Factors Determining Exchange Rates
1. Interest Rates- A rate of interest is the price of borrowing money and the reward for saving money. Investors will look around the world to see where the international rates of interest are high or not. If the rates of interest are higher in Australia then investors would all want to place their money into Australian banks in order to receive the highest return. To do this they must effectively BUY Australian dollars. This pushes up demand for the Australian dollar and therefore increases its price (strengthens its currency).
High rates of interest = strong (expensive) currency
Low rates of interest = weak (cheap) currency
2. Fixed or Floating Exchange Rate- Floating (demand and supply) Most exchange rates are described as floating. This means that the currency can change its price based on the demand and supply. Eg. If the demand for a currency increases, its price will also increase.
Fixed (the state chooses) Some countries have used a fixed exchange rate. This is when a government will decide upon a value of its currency and then fix it at that level. This means that £1 will always cost $1.5. It will not change based on demand and supply.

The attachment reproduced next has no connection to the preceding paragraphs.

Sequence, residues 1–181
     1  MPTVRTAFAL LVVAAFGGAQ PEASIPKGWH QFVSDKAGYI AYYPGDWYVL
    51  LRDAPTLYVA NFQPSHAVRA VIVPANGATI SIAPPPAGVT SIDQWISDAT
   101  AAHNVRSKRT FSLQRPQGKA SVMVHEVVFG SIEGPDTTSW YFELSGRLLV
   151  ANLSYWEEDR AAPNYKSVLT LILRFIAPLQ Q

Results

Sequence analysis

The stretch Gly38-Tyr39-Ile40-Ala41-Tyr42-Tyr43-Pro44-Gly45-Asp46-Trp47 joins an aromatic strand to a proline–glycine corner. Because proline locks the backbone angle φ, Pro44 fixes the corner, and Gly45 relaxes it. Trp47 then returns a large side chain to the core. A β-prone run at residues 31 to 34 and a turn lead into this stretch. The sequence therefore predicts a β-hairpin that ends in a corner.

3. Confidence In The Economy- If investors feel confident about the British economy they will be happy to keep their investments in British Pounds. However, if investors do not feel confident about the British economy, they will not want to keep their investments in British pounds because they worry that the pound will lose its value and so their investments will lose their value.Factors which influence how confident investors feel: Any uncertainty about the future of the country, Falling economic growth, Natural disasters, War, Changes in government
Exchange rates, Exports and Imports
Strong Pound Imports Cheap Exports Dear
Weak Pound Imports Dear Exports Cheap